“Sadly, a trend I see is too many professional companies selling directly to consumers from their website. It is difficult to control online retailer diversion, but I see more evidence that the aestheticians will ultimately demand a higher level of protection from the suppliers who do not sell online. Without our professional distribution model, there is not an industry.”
Here’s more of our chat with Michael:
DERMASCOPE: How long have you been in the aesthetics industry?
Michael: I have been in the aesthetics industry for 10 years. Prior to taking ownership of Circadia, I worked in various jobs throughout the family businesses of contract manufacturing, including the production line, warehouse and shipping, customer service, and sales. I studied business management and marketing in college because I come from a family of entrepreneurs, although most of them never had formal education in business. It was my grandfather, Peter T. Pugliese, M.D., the founder of Circadia. who suggested this may be a good path for me. Little did I know, he was grooming me for the position I hold today.
DERMASCOPE: What various roles and positions have you held within this industry?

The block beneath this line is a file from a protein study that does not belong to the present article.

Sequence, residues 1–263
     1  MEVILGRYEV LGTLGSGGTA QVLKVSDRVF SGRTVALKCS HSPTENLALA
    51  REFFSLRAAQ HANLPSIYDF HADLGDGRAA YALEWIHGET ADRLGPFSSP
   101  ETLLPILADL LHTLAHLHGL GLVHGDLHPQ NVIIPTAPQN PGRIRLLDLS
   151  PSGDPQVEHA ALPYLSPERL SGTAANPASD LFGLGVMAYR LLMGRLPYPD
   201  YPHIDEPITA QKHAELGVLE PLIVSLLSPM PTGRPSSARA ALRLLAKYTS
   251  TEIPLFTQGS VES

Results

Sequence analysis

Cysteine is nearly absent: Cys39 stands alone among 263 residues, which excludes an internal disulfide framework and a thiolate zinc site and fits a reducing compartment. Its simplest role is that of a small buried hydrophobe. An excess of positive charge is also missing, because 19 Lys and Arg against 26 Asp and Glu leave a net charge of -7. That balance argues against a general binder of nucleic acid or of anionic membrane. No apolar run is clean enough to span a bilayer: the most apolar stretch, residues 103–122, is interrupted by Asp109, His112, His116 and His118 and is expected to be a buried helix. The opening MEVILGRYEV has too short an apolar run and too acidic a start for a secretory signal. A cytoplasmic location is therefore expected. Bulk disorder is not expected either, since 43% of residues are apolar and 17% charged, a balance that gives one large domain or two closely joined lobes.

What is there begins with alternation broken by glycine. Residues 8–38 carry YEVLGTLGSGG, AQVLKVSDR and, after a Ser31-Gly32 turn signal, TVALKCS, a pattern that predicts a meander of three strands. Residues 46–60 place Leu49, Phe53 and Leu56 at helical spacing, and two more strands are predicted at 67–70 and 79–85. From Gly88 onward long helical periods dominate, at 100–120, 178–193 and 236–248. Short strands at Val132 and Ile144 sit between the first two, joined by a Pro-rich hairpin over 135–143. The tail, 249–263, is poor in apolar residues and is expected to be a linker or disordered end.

Michael: When I took over the operation of Circadia, I was responsible for managing sales, customer service, vendor relationships, and educating myself about the practice of aesthetics and the responsibilities of a supplier of professional skin care products. I came in with the name recognition of Dr. Pugliese as a top educator, so I had an intensive learning curve to achieve competence in understanding skin science. Once I grasped the structure and function of skin and the effects a topical product could have, it became clear what my company could contribute to the industry and the client in a much bigger way. We committed to exhibiting fully at the tradeshows and designed new advertisements. I directed new product development while I learned cosmetic chemistry, which led me to the Society of Cosmetic Chemists and the world of functional raw materials. My interest in the subject focused my energies on formulating and in the traditions of my grandfather, I began teaching aestheticians a higher level of product knowledge. We exhibit, and often sponsor, tradeshows, both Dr. Pugliese and I lecture at general sessions and manufacturer’s classrooms. We continue to contribute articles revealing the science of skin, which include references to the ongoing research of Dr. Pugliese for many of our industry publications.